Bad Samaritans?

January 31st, 2008
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Traffic’s back! Some of the morbidly dedicated readers of the page will recall a flurry of traffic-related blogs last year. These seemed to really strike a chord, based on the number of comments we received – some very detailed.


From that response, it likely won’t take much discussion of speed traps to get readers hot under the collar. If we haven’t written it already, the sight of strapping young policemen brandishing radar guns in suburban Calgary (or Ottawa for that matter) – while women feel unsafe walking alone in parts of the city – doesn’t inspire much admiration for our men in blue. Almost everyone has a particularly galling, personal speeding story, about getting nabbed on the way to church, cops hiding behind concrete pillars, or disguised as shrubs in a school zone.

As someone who routinely edges over the speed-limit, I guess a handful of tickets in a lifetime shouldn’t be THAT aggravating. But if the objective of the ticketing is simply using by-laws as a money-grab from already over-taxed citizens – then many will agree that an ethical line has been crossed.

Well, it gets worse. According to a recent report, police are trying to push the ticketing envelope even further. It’s worth reading the whole article, it’s cheeky and well-written. Seems that not only were Toronto police going after some “low-hanging fruit”, i.e. enthusiastic drivers on a broad, clear motorway, but ticketing those trying to warn other drivers about the speed trap!

Yes, you heard right. The Force set up a SECOND checkpoint to ticket drivers who flashed their lights at oncoming traffic approaching the speed trap. As the article suggests, if the objective of speed-traps is safety, then police should WANT you to warn oncoming drivers to slowdown. But no! Clearly the speed-trap is to collect money; otherwise they wouldn’t be ticketing the “warners”. Wow.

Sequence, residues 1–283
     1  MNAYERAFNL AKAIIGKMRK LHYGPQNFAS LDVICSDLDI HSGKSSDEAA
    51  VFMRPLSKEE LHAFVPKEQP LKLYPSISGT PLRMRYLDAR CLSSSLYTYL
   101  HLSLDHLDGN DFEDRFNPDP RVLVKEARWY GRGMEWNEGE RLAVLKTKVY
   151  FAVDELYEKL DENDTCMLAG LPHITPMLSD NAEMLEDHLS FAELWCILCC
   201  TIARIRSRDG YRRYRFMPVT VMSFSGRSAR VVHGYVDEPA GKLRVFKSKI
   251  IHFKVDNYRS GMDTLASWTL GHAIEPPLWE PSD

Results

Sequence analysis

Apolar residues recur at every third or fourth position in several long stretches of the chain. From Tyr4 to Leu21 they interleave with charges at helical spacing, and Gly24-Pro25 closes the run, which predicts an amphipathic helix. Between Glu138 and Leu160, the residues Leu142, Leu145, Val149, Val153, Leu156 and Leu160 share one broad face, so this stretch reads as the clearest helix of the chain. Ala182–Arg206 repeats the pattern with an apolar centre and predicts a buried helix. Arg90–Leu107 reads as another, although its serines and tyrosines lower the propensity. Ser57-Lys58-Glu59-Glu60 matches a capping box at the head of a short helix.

This reminds me of a related question – how to deal with expired parking meters. I had the experience some years ago of walking back from lunch along a line of cars with expired meters. I noticed, about a block away, a “by-law enforcement officer” (insert expletive here) writing parking tickets.

Having a pocketful of change and a warm giving heart (OK, I exaggerate) I decided to start putting money in the expired meters. Within seconds the uniformed (insert expletive here) was upon me. “You shouldn’t be doin’ that” he said. When I asked why he responded “Them people don’t need the money”. Well if that doesn’t sum up perfectly the attitude of minor officials everywhere! They perfectly rationalize their mini-totalitarianism.

I only found out later that what I had done might well have been illegal! Here is a recent article that suggests just that.

So it appears that the state expects its pound of flesh, and woe to those who step in its way. And what’s with the safety mantra? Well, now we know what that’s really all about.

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